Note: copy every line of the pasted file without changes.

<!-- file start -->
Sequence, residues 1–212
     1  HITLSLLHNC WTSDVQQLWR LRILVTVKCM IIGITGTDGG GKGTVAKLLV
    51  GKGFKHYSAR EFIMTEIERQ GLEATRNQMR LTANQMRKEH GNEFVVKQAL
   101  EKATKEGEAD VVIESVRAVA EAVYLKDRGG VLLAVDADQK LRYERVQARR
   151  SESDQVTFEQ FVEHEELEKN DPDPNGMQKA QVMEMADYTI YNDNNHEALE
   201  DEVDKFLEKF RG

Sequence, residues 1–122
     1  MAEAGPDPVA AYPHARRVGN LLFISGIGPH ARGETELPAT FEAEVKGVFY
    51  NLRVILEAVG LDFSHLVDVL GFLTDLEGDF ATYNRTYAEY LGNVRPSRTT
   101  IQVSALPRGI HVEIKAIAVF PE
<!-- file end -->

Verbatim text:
Sequence, residues 1–212
     1  HITLSLLHNC WTSDVQQLWR LRILVTVKCM IIGITGTDGG GKGTVAKLLV
    51  GKGFKHYSAR EFIMTEIERQ GLEATRNQMR LTANQMRKEH GNEFVVKQAL
   101  EKATKEGEAD VVIESVRAVA EAVYLKDRGG VLLAVDADQK LRYERVQARR
   151  SESDQVTFEQ FVEHEELEKN DPDPNGMQKA QVMEMADYTI YNDNNHEALE
   201  DEVDKFLEKF RG

Sequence, residues 1–122
     1  MAEAGPDPVA AYPHARRVGN LLFISGIGPH ARGETELPAT FEAEVKGVFY
    51  NLRVILEAVG LDFSHLVDVL GFLTDLEGDF ATYNRTYAEY LGNVRPSRTT
   101  IQVSALPRGI HVEIKAIAVF PE